The main organisational objective of for-profit organisation is to make more profit. Aims and objectives establish where the business would like to be in the future, helping to control their plans, motivate staff and give everyone sense of direction. Any decision made within the organisation should be in line with their aims and objectives. The objectives are influence by various stakeholders, as well as the nature of the business. Different stakeholder groups will have different objectives to satisfy their interests. Objectives can be: corporate which affect the whole business, departmental objectives that are for a certain area of business and individual objectives are used in performance appraisal for employees.
Employees- wage levels; working conditions; job security; personal development
Managers- job security; status; personal power; organisational profitability; growth of the organisation
Shareholders- market value of investment; dividends; security of investment; liquidity of investment
Creditors- security of loan; interest of loan; liquidity of investment
Suppliers- security of contract; regular payment; growth of organisation; market development
Society- safe products; environmental sensitivity; equal opportunities; avoidance of discrimination
Responsibilities of an organisation
Every company, business, department has a duty and remit to provide a service. An organisation must operate within the boundaries of the law. Reputation and trust are everything, and a consumer can’t have trust or faith in your ability to deliver if you can’t prove and guarantee you’re legitimacy. An organisation must also have strict financial control. Recruitment is vitally important. Organisations need reliable workers who have enthusiasm, but also intelligence; workers that are able to be creative but also to take advice and critique from management. Also organisations are responsible for health and safety of their employees. They need to provide safe working environment and equipment.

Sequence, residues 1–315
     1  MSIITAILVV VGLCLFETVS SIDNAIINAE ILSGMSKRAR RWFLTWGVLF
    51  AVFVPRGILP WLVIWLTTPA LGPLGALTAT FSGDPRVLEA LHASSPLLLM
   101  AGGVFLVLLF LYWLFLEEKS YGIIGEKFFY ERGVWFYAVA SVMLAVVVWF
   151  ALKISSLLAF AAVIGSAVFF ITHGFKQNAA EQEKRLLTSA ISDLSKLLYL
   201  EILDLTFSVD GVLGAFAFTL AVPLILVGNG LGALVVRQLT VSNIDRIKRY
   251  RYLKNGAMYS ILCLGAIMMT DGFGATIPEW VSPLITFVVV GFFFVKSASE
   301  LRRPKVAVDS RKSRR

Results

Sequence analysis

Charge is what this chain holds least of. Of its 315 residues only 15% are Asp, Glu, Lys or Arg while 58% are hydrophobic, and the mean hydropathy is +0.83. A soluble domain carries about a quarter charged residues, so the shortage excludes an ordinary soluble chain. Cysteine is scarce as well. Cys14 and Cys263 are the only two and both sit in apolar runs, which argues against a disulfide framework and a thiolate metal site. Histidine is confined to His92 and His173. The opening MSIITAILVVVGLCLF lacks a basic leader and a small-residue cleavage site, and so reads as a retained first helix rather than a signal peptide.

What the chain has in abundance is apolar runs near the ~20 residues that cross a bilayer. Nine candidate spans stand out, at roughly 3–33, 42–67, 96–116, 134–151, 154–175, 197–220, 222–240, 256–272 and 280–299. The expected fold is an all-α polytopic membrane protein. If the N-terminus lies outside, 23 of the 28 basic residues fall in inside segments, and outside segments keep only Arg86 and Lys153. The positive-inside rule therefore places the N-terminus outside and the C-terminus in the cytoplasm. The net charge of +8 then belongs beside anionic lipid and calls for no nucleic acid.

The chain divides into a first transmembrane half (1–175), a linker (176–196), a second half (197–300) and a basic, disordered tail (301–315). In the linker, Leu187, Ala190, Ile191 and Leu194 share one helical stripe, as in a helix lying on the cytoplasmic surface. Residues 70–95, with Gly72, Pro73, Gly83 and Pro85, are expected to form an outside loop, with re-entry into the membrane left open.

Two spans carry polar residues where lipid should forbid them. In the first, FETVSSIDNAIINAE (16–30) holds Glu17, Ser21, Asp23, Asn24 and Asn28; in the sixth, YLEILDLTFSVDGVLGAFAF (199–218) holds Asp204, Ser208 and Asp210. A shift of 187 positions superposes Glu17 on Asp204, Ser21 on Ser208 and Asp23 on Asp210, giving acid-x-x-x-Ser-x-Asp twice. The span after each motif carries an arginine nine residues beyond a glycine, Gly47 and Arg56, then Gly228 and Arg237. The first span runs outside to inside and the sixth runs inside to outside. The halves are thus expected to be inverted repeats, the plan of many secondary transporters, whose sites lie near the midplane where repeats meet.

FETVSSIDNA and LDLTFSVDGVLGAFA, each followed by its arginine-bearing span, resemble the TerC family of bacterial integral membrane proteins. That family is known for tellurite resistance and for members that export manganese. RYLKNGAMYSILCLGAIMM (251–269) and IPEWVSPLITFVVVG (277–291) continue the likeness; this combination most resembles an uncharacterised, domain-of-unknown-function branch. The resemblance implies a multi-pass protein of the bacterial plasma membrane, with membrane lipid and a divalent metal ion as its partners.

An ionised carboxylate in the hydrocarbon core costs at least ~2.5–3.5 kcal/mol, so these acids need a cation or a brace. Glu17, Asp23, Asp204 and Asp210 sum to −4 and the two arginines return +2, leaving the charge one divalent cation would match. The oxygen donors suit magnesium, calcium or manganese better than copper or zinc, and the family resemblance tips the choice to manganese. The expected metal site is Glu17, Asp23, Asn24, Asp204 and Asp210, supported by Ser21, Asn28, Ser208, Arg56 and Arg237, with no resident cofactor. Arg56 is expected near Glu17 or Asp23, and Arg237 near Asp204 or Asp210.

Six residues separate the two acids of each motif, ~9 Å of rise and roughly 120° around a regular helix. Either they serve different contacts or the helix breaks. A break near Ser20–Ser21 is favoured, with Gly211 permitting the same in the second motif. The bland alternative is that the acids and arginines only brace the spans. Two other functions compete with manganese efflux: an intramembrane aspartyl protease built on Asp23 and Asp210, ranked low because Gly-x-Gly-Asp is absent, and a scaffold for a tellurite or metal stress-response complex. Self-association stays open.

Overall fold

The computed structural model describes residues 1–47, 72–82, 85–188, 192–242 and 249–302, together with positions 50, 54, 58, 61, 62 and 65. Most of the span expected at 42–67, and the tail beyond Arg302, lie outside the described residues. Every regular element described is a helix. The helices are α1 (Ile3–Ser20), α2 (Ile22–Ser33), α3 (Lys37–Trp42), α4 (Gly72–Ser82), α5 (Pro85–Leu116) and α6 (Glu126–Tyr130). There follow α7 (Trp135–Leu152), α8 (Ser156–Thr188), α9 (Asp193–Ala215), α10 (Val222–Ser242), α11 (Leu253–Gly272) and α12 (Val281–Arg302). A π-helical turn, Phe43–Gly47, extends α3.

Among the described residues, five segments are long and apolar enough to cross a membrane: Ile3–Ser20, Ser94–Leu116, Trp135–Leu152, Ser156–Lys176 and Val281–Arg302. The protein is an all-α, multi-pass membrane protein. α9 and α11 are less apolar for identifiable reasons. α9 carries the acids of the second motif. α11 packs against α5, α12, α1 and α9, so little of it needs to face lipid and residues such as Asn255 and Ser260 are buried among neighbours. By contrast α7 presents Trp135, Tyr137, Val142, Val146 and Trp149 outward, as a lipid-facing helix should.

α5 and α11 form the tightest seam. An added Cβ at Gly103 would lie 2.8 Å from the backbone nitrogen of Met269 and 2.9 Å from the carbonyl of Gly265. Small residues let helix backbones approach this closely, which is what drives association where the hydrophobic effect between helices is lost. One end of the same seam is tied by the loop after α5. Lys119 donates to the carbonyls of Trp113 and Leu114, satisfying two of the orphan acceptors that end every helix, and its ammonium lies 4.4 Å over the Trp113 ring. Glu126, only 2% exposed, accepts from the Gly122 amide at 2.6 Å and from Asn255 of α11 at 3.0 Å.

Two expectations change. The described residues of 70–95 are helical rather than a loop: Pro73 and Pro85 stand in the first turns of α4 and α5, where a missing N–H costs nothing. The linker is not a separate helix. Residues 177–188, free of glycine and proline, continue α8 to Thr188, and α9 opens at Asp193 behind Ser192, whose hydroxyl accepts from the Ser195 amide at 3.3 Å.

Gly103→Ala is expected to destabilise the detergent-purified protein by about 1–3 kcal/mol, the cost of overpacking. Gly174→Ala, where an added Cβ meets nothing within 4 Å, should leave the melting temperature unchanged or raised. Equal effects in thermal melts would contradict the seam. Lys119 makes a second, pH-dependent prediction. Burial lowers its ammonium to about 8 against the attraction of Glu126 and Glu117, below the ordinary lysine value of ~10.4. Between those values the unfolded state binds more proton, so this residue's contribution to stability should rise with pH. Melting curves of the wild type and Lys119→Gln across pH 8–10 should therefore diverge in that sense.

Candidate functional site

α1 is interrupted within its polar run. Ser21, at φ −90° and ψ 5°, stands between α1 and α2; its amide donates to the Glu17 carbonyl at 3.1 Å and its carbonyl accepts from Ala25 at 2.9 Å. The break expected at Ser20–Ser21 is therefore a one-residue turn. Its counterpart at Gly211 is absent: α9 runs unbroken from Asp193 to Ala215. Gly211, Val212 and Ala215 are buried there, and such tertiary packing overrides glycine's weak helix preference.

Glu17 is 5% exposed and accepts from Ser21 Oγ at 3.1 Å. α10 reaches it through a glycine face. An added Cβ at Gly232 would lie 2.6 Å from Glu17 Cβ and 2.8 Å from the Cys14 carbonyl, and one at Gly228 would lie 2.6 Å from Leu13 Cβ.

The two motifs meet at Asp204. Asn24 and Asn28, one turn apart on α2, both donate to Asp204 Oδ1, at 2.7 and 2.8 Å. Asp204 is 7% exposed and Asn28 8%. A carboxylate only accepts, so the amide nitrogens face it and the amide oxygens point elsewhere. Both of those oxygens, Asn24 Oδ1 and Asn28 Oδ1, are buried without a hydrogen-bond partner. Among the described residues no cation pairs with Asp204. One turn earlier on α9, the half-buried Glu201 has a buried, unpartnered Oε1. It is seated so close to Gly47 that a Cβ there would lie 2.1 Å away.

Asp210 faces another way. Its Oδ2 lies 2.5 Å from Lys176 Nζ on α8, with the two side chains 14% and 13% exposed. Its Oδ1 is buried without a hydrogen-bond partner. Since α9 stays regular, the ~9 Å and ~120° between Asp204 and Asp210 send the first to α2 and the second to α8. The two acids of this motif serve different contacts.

How economic systems attempt to allocate resources effectively
There are three kinds of economic system which are basically adopted by the different countries. They are: free market, centrally planned, mixed market.
Free market economic system: The intervention of government is kept at a minimum level or neglected in free market system and all the economics resources comes under the private sectors as well market. Price mechanism will determine how much of goods or services will be supplied according to the market demands. Most decisions are based on market mechanism. The supply, demand and ability play the vital role in market decision making. As per looking at the free market system it raises the various unsolved questions like who will produce the goods and services and infrastructures for the country to meet the needs of every public.